UPTON, NY -- In what could be a first step toward finding a cure for the common cold, scientists at the U.S. Department of Energy's Brookhaven National Laboratory have discovered how one form of cold virus binds to human cells. The discovery, appearing in this week's issue of Science, could lead to the development of drugs that block infection.
"Viruses have to bind to cells in order to infect them,"says biologist Paul Freimuth. "If you could interrupt that binding, the virus would be dead in the water."
"That, in essence, is what the body's immune system does when it produces antibodies,"says Freimuth. "The antibodies bind to the virus so the virus can't bind to the cell."But it takes time for the immune system to stage its attack, he adds. With a molecular understanding of the virus-cell interaction, scientists could potentially tailor-make drugs that disable the virus.
Freimuth, John Flanagan, and other collaborators at Brookhaven had previously isolated proteins that initiate infection by adenovirus, one type of common cold virus, as well as the protein that the virus binds to on the surface of human cells. They then manufactured biologically active forms of the viral and cellular proteins in E. coli bacteria. "These small purified protein fragments bind tightly to each other in the test tube, and provided the raw material to initiate structural studies,"Freimuth says.
To determine the molecular structure of the virus/receptor complex, the scientists grew crystals of the complex and bombarded them with high-intensity X-rays from Brookhaven's National Synchrotron Light Source (NSLS). With this technique, called X-ray crystallography, scientists examine how the crystals diffract, or scatter, the X-ray beam. "From that you can work backward to deduce the structure of the proteins in the crystal,"Flanagan says. "The NSLS greatly facilitates the study of crystal structures because of the high intensity of the X-ray beam produced there,"he adds.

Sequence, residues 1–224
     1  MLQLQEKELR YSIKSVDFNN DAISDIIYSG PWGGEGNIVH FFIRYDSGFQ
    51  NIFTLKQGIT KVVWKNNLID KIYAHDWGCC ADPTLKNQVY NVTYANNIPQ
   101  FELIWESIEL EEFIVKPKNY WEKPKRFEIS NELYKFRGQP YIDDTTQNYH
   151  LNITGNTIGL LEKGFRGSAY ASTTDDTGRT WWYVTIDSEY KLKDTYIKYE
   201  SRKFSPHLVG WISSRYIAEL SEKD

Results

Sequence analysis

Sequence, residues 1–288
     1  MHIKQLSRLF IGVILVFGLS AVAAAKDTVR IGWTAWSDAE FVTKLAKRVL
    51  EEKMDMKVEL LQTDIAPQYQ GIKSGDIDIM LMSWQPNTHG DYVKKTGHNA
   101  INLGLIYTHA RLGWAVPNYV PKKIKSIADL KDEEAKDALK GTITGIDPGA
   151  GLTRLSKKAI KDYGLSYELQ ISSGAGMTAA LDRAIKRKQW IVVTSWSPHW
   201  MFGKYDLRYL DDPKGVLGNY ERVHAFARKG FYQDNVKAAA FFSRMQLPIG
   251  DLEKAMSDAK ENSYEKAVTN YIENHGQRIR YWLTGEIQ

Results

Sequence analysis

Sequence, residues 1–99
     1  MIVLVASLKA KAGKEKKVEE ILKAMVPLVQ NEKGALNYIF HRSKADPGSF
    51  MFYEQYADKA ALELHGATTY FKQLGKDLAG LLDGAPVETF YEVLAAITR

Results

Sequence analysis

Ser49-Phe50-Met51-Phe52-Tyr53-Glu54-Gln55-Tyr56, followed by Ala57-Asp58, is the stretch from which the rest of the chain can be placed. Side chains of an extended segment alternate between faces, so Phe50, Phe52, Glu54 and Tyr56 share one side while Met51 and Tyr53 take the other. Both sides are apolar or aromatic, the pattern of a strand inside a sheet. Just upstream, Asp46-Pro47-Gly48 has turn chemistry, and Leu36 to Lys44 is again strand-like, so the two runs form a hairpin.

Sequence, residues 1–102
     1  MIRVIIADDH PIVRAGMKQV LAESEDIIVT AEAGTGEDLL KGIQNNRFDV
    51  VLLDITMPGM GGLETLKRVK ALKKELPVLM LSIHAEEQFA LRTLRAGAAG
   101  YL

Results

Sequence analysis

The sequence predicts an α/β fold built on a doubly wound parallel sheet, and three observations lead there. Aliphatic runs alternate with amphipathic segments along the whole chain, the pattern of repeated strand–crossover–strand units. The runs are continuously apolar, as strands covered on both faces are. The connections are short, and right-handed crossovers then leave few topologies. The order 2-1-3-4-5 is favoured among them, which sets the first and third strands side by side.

Previously, other scientists used this technique (also at Brookhaven's NSLS) to characterize how the human immunodeficiency virus (HIV, the virus that causes AIDS) binds to its cell-surface receptor. Adenovirus is the second virus to have its binding mechanism characterized at atomic resolution.
"Surprisingly, though adenovirus and HIV are very different, their mechanisms of entry into cells show some similarities,"Flanagan says. This may help scientists better understand how viruses evolve -- for example, how they change to evade the immune system while retaining their ability to bind to specific cell-surface receptors.
The findings could also have implications for using modified, non-symptom-causing viruses to deliver healthy genes to cells in the technique known as gene therapy. "If you understand the way a virus attaches to a specific cell, you might be able to modify the virus to precisely target specific cells, such as those that make up a tumor,"Freimuth says.
Understanding the molecular characteristics of viral binding sites might also lead to more effective vaccines. Viral binding proteins are often ornamented or decorated with bits of protein that have nothing to do directly with the virus's ability to bind to cells, but rather serve to "run interference"and distract the immune system, Freimuth says. "If you could eliminate those factors and make a vaccine that just had the receptor binding site, you might have a better chance of focusing the immune response on the binding site itself."
"This is an excellent example of how interconnected scientific research has become,"said Energy Secretary Bill Richardson. "The physics and engineering that helped build the National Synchrotron Light Source are now making possible insights in other areas of science such as biomedical research."
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